Rapid communications in mass spectrometry : RCM

The use of a membrane filtration device to form dried plasma spots for the quantitative determination of guanfacine in whole blood.

PMID 22499196


A two-layered polymeric membrane is employed for the formation of separated dried plasma spots from whole blood as an alternative to the direct analysis of whole dried blood spots (DBS). This dried plasma spot (DPS) analysis procedure precludes potential issues of hematocrit differences in whole blood samples while providing pharmokinetic data from plasma rather than whole blood. The described procedure is also semi-automated thus providing a simpler work flow for LC/MS/MS bioanalysis procedures. Molecular filtration of red blood cells (RBC) from applied microsamples of whole blood fortified with guanfacine and its stable isotope internal standard was accomplished with a two-layer polymeric membrane substrate. The lower membrane surface containing the separated plasma spot was physically separated from the upper membrane followed by semi-automated direct elution of the sample to an online solid-phase extraction (SPE) cartridge followed by liquid chromatography coupled to tandem mass spectrometry (LC/MS/MS). A two-layer membrane sample preparation substrate produced plasma from whole blood without centrifugation which could be directly eluted for semi-automated LC/MS/MS bioanalysis. Standard curves were constructed by plotting peak area ratios between the analyte and the stable isotope labeled internal standard (SIL-IS) versus the nominal concentration in whole blood. A weighted 1/x(2) linear regression was applied to the data from DPS samples. Standard curves were linear over the range 0.25-250 ng/mL human whole blood. The representative regression equation was y = 0.0142x + 0.00248 (R(2) = 0.995) for the described DPS assay. The described work demonstrates proof-of-principle using membrane sample preparation techniques to form DPS samples from whole blood for subsequent bioanalysis by LC/MS/MS. This approach has the potential to eliminate the hematocrit issues from the current controversy surrounding validation of DBS assays.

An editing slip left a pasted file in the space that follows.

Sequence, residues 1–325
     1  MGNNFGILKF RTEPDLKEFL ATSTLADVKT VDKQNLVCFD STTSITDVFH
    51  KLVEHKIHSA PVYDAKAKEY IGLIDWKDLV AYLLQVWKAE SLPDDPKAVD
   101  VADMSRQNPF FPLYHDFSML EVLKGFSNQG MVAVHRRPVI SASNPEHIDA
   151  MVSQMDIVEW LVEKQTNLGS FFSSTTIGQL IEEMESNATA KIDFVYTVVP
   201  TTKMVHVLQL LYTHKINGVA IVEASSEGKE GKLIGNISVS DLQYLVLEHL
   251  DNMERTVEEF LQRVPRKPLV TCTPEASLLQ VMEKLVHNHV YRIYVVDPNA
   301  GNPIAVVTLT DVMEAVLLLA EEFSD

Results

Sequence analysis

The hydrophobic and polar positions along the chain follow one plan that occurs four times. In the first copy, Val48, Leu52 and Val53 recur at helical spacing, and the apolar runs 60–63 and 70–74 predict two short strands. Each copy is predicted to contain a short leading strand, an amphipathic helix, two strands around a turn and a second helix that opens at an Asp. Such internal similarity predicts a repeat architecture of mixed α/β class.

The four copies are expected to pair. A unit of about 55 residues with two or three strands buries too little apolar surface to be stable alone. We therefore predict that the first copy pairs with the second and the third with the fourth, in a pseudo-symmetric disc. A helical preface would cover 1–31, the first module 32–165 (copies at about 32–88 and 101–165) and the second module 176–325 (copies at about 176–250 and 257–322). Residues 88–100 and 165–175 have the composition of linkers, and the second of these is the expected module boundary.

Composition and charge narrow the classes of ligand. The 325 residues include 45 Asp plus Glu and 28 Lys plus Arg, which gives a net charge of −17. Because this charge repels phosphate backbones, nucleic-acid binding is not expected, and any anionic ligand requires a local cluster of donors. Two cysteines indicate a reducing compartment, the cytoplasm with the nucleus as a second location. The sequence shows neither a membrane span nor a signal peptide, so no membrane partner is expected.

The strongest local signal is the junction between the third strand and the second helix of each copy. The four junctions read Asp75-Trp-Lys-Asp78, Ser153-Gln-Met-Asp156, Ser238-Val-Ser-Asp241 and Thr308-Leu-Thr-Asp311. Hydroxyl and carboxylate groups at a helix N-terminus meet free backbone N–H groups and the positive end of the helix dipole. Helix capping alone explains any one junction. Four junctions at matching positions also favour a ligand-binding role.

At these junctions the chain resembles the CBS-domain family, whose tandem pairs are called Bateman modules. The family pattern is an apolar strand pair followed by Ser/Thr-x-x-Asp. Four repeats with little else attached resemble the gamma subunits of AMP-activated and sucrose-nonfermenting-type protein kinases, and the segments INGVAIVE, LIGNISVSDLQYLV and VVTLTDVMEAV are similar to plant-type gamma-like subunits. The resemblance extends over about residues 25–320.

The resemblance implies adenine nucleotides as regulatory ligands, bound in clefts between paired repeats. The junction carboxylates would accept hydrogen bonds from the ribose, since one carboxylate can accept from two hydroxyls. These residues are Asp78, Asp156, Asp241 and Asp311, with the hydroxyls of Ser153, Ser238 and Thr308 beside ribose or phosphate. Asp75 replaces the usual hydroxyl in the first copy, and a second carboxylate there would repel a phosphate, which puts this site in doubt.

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Guanfacine hydrochloride, ≥98% (HPLC)
C9H9Cl2N3O · HCl